Posted in Blog Post, Excavation, Field, People, Uncategorized

The day after

We were anxious as we returned to the site this morning, unsure of the extent of any damage to our excavations from Tropical Storm Colin. On Friday of last week we took extra precautions when we covered the excavation units in anticipation of three days of rain – but that was before the rain turned into TS Colin! We are so glad we bought plywood and made extra efforts – they paid off!

Several of our excavation units covered with plywood and plastic. They worked!

In several of our units near the swamp (and on a downslope) we were not so lucky. We had to create a bucket brigade to get the nearly 40 cm of water out of the deepest unit!

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Fortunately for us, we are nearly finished excavating the units that were inundated. This means we can leave them to dry out over the next few days and finish our work in there later this week.

So, the crews that were in those units were sent to join the rest of the group and we opened three more excavation units to extend our view into the site. We still have lots of work to do as we uncover features and try to figure out the puzzle of the past, but we are having a great time! Thanks for reading!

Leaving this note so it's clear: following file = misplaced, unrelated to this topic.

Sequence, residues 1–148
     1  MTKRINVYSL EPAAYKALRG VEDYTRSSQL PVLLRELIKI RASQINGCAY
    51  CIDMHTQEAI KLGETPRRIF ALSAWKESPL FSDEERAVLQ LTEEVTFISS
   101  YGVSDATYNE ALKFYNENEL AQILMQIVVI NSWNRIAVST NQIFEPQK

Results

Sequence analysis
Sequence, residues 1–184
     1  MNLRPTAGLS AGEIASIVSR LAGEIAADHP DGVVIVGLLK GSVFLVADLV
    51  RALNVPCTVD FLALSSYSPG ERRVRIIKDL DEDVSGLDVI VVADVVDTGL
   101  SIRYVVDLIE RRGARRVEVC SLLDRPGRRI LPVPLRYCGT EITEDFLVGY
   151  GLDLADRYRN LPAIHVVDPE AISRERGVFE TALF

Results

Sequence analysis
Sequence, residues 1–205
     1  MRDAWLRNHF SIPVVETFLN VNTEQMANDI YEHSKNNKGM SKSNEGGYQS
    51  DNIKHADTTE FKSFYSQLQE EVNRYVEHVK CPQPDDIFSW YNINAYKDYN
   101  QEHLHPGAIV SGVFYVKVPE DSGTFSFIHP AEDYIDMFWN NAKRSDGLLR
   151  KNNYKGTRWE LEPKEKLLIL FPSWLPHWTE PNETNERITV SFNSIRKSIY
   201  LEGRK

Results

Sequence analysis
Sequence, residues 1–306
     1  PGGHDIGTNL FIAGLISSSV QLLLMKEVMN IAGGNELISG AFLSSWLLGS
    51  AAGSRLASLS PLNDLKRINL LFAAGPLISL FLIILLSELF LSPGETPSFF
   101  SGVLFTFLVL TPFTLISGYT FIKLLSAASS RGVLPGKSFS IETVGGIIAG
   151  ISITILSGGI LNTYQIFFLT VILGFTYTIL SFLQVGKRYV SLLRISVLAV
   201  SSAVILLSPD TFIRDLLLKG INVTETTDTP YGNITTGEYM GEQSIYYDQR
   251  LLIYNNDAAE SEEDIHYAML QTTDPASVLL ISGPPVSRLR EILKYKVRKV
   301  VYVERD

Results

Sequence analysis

Posted in Blog Post, Lab, Uncategorized

TS Colin paid us a visit

If you have watched or listened to the news, you know that Tropical Storm Colin is crossing the state of Florida as we write this. The rains from TS Colin arrived in Tallahassee overnight and continued throughout the day. This meant no fieldwork for us. Instead we spent the morning in the lab at the FSU Department of Anthropology washing, sorting, and re-bagging dry artifacts. These are important first steps in artifact analysis.

After lunch we were able to take a tour of the State Archaeological Collections curated by the Bureau of Archaeological Research, Florida Division of Historical Resources (thanks to Haley Messer for arranging and the staff of BAR for taking time out of their busy day to show us around).

FSU Archaeological Field School students look at one room of curated artifacts. 
BAR Senior Archaeologist, Marie Prentice, explains how this sword hilt was conserved and cast.
The FSU Archaeological Field School students were overwhelmed by the material culture curated at BAR.
Manos and metates of Mexican origin are curated here. These come from various Colonial Period Spanish shipwrecks in Florida waters. They were meant to be unloaded and either sold or gifted to family, friends, and supporters in Spain.
Dr. Dan Seinfeld, Archaeology Collections and Conservation Supervisor, describes how a particular artifact may have been used.

We are headed out to the site tomorrow, rain or shine, to check on the status of our excavation units and continue where we left off last week. Stay tuned!